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# How Variables Scale in Equations

You will have used equations all the time in science and maths, usually by plugging in numbers. For example, if we look at Newton’s second law and you know that mass is 1 kilogram and acceleration is 2 then the force is newtons. But there’s something else you can do with equations that is incredibly […]

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# Circle Theorems

Circle theorems are tricky to learn because they require you to quickly spot patterns that can appear distorted. We show how to learn these patterns using interactive examples that let you play with the shapes and see the angles change in real-time.

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# Simultaneous Equations

We show how to solve two equations by substitution and by subtracting one equation from the other. This works if both equations are lines or if one equation is a line and the other is a circle or a parabola.

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# Using Maths to Make Crispier Roast Potatoes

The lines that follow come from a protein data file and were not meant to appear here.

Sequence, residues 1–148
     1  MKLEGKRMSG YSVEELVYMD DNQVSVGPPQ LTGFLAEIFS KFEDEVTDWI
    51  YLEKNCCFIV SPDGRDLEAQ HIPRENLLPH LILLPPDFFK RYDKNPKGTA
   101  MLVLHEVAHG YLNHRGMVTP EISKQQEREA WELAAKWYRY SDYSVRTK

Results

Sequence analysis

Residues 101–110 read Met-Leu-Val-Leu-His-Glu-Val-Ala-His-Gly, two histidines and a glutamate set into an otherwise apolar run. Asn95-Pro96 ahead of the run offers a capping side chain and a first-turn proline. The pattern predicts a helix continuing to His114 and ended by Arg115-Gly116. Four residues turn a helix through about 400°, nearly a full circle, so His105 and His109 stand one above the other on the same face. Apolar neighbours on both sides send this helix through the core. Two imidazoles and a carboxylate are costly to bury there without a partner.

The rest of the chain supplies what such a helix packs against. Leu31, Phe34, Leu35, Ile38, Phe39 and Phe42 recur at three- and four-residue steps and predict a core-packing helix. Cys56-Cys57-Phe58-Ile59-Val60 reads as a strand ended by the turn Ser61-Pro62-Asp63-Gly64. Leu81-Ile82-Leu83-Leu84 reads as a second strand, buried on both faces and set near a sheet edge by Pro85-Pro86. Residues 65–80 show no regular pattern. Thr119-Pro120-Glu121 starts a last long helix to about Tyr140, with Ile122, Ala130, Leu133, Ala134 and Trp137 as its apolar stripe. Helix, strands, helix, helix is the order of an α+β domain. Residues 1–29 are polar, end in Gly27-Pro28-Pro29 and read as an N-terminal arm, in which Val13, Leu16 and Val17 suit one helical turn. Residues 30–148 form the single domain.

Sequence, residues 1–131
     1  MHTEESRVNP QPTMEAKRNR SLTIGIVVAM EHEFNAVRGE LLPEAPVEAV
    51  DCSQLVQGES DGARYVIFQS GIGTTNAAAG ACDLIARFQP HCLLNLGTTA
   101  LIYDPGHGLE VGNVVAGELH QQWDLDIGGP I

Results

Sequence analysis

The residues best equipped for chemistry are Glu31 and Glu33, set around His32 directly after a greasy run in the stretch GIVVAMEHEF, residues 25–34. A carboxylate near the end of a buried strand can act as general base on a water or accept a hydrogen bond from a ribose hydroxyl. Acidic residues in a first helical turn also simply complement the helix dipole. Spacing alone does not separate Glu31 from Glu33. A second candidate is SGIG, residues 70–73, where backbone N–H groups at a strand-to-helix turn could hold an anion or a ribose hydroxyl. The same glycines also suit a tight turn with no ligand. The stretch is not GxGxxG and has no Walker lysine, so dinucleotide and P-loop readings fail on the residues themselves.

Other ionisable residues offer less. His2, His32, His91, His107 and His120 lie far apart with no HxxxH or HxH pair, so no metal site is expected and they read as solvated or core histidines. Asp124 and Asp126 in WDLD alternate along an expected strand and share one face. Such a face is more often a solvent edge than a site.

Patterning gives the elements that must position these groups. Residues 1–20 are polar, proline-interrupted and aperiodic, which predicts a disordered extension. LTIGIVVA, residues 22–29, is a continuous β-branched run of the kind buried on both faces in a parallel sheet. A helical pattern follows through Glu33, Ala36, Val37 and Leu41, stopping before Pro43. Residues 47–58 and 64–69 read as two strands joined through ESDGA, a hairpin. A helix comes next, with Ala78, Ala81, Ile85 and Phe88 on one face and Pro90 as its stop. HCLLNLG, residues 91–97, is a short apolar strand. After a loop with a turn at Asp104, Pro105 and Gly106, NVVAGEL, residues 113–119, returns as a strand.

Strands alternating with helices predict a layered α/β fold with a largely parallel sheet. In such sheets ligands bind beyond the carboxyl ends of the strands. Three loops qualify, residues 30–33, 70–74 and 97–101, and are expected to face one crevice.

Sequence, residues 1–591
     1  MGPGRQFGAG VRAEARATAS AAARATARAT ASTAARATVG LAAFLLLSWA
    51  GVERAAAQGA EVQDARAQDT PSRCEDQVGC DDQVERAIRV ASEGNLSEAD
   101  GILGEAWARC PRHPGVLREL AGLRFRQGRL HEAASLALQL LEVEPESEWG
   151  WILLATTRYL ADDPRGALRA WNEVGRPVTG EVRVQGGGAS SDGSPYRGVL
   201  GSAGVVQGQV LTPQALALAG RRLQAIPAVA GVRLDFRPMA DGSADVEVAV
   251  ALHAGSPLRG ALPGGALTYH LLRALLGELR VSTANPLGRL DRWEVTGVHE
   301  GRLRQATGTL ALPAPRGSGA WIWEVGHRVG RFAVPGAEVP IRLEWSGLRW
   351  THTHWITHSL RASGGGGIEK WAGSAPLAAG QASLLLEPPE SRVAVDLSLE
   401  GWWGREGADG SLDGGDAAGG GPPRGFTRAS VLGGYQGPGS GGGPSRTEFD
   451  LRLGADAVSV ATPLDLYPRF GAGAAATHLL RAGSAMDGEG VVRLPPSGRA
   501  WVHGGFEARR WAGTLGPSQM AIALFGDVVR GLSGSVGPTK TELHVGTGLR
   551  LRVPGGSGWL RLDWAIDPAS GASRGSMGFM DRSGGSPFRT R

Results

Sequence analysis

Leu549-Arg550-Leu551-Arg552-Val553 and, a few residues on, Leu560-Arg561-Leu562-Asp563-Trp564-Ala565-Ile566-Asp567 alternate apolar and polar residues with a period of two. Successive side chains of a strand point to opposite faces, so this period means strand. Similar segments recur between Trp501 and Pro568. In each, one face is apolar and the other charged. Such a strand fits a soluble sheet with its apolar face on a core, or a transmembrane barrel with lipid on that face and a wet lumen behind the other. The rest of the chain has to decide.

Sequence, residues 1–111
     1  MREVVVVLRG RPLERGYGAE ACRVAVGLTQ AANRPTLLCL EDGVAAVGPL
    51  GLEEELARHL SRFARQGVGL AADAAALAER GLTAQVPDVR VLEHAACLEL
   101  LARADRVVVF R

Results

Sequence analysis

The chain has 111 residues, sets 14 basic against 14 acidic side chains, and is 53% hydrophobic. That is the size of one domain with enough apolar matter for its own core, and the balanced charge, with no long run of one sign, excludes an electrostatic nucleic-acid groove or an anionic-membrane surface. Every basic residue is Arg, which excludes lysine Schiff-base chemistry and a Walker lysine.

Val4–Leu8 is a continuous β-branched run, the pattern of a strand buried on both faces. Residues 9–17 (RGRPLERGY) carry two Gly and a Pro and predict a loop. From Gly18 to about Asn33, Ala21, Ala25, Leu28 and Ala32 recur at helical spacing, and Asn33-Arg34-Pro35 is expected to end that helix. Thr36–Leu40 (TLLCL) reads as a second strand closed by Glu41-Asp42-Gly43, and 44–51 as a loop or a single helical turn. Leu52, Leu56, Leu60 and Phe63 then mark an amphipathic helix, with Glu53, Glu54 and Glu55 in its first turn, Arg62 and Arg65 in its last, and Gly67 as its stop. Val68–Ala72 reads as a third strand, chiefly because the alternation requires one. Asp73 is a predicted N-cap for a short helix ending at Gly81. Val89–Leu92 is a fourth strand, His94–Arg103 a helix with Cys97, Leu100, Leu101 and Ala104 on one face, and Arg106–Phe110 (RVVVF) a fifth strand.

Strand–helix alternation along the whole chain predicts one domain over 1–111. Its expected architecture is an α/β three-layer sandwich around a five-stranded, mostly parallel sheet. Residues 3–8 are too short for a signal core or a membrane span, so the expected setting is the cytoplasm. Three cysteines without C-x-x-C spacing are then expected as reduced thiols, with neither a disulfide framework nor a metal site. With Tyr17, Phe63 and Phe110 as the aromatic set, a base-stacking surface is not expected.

How can maths make crispier, tastier and better-looking roasties? It’s as simple as changing the way you slice up your potatoes. Apply a bit of geometry to your spuds and do the experiment for yourself, the results are delicious!

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# Ratios, Proportions and Fractions

Ratios, like potatoes, are great, but you can’t eat them raw. Just as potatoes need to be cooked before you eat them, ratios have to be turned into fractions before you can use them to split up amounts.

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# Sine Rule and Cosine Rule

The sine and cosine rule let you work out missing angles and side lengths of triangles which aren’t right-angled triangles. The trick to learning how to use these rules is to recognise the patterns that match triangles with the right rule. Is it a sandwich or an opposite?

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